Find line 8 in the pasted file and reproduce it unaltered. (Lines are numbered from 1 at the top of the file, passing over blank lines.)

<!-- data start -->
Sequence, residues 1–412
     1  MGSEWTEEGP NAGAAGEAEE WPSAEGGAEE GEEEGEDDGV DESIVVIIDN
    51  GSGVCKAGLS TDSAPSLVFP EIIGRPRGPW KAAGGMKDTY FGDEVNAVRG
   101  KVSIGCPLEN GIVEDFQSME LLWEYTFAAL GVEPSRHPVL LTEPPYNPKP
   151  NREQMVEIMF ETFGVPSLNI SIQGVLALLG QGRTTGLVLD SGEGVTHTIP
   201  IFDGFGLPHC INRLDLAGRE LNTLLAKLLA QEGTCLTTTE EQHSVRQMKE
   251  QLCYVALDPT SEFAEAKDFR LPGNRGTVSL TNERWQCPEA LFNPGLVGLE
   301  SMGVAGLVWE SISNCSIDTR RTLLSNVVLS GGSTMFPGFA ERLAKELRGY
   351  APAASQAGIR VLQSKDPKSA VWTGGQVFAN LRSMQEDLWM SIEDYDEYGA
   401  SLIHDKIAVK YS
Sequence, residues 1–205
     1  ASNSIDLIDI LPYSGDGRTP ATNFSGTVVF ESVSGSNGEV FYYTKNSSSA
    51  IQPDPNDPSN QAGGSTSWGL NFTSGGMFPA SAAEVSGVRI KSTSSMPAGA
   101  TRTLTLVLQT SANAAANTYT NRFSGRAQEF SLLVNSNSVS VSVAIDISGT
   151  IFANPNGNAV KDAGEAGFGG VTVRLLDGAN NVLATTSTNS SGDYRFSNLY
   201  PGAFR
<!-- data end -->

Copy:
   301  SMGVAGLVWE SISNCSIDTR RTLLSNVVLS GGSTMFPGFA ERLAKELRGY